Brain expression and song regulation of the cholecystokinin gene in the zebra finch (Taeniopygia guttata)

Peter V. Lovell, Claudio V. Mello

Research output: Contribution to journalArticle

17 Scopus citations

Abstract

The gene encoding cholecystokinin (Cck) is abundantly expressed in the mammalian brain and has been associated with such functions as feeding termination and satiety, locomotion and self-stimulation, the modulation of anxiety-like behaviors, and learning and memory. Here we describe the brain expression and song regulation of Cck in the brain of the adult male zebra finch (Taeniopygia guttata), a songbird species. Using in situ hybridization we demonstrate that Cck is highly expressed in several discrete brain regions, most prominently the caudalmost portion of the hippocampal formation, the caudodorsal nidopallial shelf and the caudomedial nidopallium (NCM), the core or shell regions of dorsal thalamic nuclei, dopaminergic cell groups in the mesencephalon and pons, the principal nucleus of the trigeminal nerve, and the dorsal raphe. Cck was largely absent in song control system, a group of nuclei required for vocal learning and song production in songbirds, although sparse labeling was detected throughout the striatum, including song nucleus area X. We also show that levels of Cck mRNA and the number of labeled cells increase in the NCM of males and females following auditory stimulation with conspecific song. Double labeling further reveals that the majority of Cck cells, excluding those in the reticular nucleus of the thalamus, are non-GABAergic. Together, these data provide the first comprehensive characterization of Cck expression in a songbird, and suggest a possible involvement of Cck regulation in important aspects of birdsong biology, such as perceptual processing, auditory memorization, and/or vocal-motor control of song production.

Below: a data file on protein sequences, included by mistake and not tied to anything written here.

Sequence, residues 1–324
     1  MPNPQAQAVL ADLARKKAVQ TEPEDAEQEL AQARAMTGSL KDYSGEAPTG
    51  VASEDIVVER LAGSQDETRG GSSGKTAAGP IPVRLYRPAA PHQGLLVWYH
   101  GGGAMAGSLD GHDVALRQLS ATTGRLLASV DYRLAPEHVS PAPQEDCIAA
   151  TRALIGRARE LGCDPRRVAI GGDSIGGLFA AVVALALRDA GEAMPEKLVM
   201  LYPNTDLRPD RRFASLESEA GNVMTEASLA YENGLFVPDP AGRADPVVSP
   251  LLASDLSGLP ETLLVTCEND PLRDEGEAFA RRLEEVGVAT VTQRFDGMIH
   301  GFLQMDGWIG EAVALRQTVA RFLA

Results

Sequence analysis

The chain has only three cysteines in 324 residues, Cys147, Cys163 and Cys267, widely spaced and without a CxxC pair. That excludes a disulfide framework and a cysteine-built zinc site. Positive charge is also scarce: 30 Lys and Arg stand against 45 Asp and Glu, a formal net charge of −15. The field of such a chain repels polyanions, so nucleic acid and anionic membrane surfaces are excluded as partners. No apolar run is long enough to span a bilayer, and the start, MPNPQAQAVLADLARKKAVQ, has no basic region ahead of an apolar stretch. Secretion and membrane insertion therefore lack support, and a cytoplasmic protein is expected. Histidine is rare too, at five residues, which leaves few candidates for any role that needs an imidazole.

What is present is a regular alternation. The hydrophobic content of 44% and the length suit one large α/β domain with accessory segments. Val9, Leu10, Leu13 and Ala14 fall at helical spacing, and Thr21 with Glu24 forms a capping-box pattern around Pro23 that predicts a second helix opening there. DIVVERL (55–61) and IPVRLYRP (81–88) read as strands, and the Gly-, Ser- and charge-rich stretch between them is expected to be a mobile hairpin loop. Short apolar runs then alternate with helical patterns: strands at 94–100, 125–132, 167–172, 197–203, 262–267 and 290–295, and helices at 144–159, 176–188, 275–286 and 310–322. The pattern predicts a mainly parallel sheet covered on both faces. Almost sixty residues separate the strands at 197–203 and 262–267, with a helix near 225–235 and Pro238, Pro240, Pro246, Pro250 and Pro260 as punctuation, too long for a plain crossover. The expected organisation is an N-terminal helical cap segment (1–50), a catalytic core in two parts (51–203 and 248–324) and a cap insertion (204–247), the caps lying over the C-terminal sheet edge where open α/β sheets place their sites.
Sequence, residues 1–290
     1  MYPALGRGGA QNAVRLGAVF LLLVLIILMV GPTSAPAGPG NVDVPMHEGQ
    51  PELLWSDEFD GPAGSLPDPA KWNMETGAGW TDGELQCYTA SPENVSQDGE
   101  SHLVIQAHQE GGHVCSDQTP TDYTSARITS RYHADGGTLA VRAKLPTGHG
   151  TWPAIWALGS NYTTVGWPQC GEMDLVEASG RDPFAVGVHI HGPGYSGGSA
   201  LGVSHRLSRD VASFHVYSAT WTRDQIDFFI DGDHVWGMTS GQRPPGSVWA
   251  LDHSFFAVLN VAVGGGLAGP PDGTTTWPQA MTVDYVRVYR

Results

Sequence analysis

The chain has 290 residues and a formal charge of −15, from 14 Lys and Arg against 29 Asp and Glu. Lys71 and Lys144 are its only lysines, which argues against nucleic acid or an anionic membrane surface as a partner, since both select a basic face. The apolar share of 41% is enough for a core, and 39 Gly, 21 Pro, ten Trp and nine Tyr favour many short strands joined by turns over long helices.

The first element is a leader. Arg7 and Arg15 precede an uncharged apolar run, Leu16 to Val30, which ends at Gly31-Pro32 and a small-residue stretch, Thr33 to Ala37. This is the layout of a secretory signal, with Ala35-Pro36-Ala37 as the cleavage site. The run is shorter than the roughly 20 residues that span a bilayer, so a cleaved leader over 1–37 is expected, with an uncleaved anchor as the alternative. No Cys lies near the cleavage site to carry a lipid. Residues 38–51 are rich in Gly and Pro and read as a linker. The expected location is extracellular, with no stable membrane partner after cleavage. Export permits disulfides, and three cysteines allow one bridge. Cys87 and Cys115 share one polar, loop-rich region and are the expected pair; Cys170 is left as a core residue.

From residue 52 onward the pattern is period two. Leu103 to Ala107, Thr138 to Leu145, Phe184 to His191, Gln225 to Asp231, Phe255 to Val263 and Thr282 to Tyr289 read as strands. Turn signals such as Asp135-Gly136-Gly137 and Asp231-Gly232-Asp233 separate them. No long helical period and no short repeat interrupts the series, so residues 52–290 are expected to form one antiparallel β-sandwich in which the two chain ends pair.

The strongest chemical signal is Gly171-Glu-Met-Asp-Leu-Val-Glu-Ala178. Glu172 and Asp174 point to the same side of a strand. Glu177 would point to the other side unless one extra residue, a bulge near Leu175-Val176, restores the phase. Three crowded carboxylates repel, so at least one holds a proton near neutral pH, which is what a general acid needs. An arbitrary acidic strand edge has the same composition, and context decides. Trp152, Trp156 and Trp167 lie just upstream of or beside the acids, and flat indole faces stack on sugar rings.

Original languageEnglish (US)
Pages (from-to)211-237
Number of pages27
JournalJournal of Comparative Neurology
Volume519
Issue number2
DOIs
StatePublished - Feb 1 2011

Keywords

  • Auditory
  • Gene regulation
  • Song learning
  • Songbird
  • Vocal control system

ASJC Scopus subject areas

  • Neuroscience(all)

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